Close Close Search

Tesla Begins Releasing Quarterly Autopilot Crash Statistics

Last updated: May 30, 2021
Our website is supported by our users. We sometimes earn affiliate links when you click through the affiliate links on our website

Aside from making beautiful cars with an all-electric drivetrain and shooting convertibles into space, Tesla, Inc. is a pioneer in the field of autonomous vehicles. While Tesla’s self-driving Autopilot system isn’t quite ready to be unleashed on public roads, that hasn’t stopped some drivers from already turning the wheel over to the car itself while on busy highways – with disastrous or deadly results. Unfortunately, these incidents have generated a great deal of bad publicity for Tesla. In order to restore public confidence, Tesla has announced it will begin releasing its Autopilot crash reports each quarter. Will it be enough to drive Tesla sales up?

Unlike other self-driving cars, Tesla’s Autopilot systems can ‘learn’ while cars are being driven by human drivers, allowing the system to work out the bugs without giving too much control to the machines (yet). Still, there have been several high-profile incidents of Tesla drivers getting into fatal accidents after ignoring their Autopilot systems’ visual and audible warnings to put their hands back on the wheel, leading to a steep drop in Tesla stock as investors fear the Autopilot system is just too dangerous.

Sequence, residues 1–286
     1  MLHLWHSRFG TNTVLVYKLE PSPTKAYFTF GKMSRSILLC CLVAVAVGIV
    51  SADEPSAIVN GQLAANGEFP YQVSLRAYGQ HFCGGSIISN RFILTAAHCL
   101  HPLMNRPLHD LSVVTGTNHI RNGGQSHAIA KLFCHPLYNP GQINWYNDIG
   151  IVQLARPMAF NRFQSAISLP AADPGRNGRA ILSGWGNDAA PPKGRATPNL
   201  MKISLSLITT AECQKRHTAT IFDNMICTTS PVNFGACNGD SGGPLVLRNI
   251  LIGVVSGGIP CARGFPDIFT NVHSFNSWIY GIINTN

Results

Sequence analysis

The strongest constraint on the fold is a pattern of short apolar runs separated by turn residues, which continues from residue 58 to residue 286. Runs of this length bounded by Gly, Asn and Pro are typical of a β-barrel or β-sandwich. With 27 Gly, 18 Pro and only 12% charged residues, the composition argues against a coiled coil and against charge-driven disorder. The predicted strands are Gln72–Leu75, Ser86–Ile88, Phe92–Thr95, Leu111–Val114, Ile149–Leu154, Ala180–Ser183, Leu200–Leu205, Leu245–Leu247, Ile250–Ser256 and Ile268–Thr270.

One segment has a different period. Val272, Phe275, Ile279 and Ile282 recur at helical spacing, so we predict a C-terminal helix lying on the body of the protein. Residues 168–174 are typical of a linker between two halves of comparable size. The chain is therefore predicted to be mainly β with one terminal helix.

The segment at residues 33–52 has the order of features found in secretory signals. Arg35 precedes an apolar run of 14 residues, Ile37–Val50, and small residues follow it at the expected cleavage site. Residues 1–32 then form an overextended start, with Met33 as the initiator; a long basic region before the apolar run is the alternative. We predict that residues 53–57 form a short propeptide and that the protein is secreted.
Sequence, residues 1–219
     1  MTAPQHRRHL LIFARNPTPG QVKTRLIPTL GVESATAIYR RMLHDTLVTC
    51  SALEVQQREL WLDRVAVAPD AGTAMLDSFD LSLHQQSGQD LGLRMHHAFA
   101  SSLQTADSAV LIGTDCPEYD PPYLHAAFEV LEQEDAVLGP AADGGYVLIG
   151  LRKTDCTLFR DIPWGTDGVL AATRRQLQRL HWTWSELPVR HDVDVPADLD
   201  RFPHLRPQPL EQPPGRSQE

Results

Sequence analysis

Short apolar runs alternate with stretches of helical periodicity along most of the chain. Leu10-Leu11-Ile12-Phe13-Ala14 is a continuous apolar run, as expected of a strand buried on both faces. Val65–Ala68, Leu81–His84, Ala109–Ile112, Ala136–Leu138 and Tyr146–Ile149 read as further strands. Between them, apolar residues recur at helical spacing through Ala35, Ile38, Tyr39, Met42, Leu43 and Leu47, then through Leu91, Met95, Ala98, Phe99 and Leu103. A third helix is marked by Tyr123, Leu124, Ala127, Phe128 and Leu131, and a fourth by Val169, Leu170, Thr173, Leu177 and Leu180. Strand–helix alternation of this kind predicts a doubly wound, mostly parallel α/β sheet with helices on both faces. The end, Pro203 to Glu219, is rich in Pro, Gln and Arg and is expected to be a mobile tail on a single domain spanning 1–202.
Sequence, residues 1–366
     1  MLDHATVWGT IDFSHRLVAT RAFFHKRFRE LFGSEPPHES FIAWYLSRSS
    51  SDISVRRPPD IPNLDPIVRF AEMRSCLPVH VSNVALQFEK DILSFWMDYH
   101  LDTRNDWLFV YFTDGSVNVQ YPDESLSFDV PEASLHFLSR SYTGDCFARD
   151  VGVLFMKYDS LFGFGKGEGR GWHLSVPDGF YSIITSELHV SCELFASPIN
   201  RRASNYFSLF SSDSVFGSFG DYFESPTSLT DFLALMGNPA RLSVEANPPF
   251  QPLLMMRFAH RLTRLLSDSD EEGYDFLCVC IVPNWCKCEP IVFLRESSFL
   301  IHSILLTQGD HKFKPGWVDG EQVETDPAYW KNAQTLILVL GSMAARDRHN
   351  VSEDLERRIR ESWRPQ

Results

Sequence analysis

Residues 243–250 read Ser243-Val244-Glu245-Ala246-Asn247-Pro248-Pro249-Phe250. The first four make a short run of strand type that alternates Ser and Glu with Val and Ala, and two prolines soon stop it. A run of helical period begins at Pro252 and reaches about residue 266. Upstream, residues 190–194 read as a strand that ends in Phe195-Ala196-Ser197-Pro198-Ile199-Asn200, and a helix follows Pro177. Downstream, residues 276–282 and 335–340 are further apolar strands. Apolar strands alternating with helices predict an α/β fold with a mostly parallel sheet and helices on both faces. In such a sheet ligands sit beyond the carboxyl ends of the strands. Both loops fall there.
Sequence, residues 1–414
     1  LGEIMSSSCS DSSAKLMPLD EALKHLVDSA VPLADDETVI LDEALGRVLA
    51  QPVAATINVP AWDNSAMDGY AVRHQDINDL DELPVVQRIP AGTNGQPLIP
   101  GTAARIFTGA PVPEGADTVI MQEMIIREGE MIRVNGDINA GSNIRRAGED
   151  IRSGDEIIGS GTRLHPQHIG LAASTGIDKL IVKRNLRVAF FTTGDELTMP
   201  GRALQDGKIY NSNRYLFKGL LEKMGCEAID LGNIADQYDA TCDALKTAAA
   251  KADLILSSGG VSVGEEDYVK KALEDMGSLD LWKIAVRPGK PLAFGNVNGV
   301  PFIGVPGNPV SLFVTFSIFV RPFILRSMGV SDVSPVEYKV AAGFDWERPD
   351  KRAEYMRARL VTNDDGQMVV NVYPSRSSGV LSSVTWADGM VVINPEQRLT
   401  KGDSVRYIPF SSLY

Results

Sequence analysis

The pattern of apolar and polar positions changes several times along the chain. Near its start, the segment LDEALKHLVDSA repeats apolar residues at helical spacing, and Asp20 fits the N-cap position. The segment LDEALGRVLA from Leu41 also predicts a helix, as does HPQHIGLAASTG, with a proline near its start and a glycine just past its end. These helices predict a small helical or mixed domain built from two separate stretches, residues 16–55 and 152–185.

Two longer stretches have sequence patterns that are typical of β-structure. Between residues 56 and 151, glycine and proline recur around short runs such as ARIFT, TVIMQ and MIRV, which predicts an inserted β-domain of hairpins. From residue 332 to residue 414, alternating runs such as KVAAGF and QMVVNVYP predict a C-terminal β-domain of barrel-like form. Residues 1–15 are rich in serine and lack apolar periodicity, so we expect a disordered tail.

To relieve this investor anxiety, Tesla founder and CEO Elon Musk stated this week that his company will begin releasing crash data to the public each quarter. As Bloomberg points out, this new level of transparency might come back to haunt Tesla if it shows their Autopilot system isn’t actually as safe as reported:

It’s possible that Tesla will find that driving on Autopilot actually reduces safety — perhaps because drivers get complacent about their responsibility to watch the road. In that case, Tesla should own up to the shortcomings and see what it can do to keep drivers on task. However, if Autopilot is truly as good as Musk claims — if driver safety actually improves when Tesla owners flip the switch — then this move to make the data public is critical for changing laws, behavior and the public’s perception of what’s safe and what isn’t.

Despite these claims of transparency, many still remain skeptical given that Musk and Tesla have complete control over which data is released to the public. Will quarterly crash data be enough to restore confidence in Tesla’s Autopilot?